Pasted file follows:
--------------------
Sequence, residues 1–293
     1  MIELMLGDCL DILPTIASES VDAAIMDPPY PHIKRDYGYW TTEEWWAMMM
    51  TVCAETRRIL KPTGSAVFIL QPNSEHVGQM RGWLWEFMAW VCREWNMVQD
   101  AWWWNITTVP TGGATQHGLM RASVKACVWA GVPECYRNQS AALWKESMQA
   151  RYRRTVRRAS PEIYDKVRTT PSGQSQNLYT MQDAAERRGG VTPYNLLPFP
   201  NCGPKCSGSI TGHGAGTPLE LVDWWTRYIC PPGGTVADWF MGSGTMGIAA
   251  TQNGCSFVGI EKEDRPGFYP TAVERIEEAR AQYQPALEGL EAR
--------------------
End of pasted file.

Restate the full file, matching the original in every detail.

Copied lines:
Sequence, residues 1–293
     1  MIELMLGDCL DILPTIASES VDAAIMDPPY PHIKRDYGYW TTEEWWAMMM
    51  TVCAETRRIL KPTGSAVFIL QPNSEHVGQM RGWLWEFMAW VCREWNMVQD
   101  AWWWNITTVP TGGATQHGLM RASVKACVWA GVPECYRNQS AALWKESMQA
   151  RYRRTVRRAS PEIYDKVRTT PSGQSQNLYT MQDAAERRGG VTPYNLLPFP
   201  NCGPKCSGSI TGHGAGTPLE LVDWWTRYIC PPGGTVADWF MGSGTMGIAA
   251  TQNGCSFVGI EKEDRPGFYP TAVERIEEAR AQYQPALEGL EAR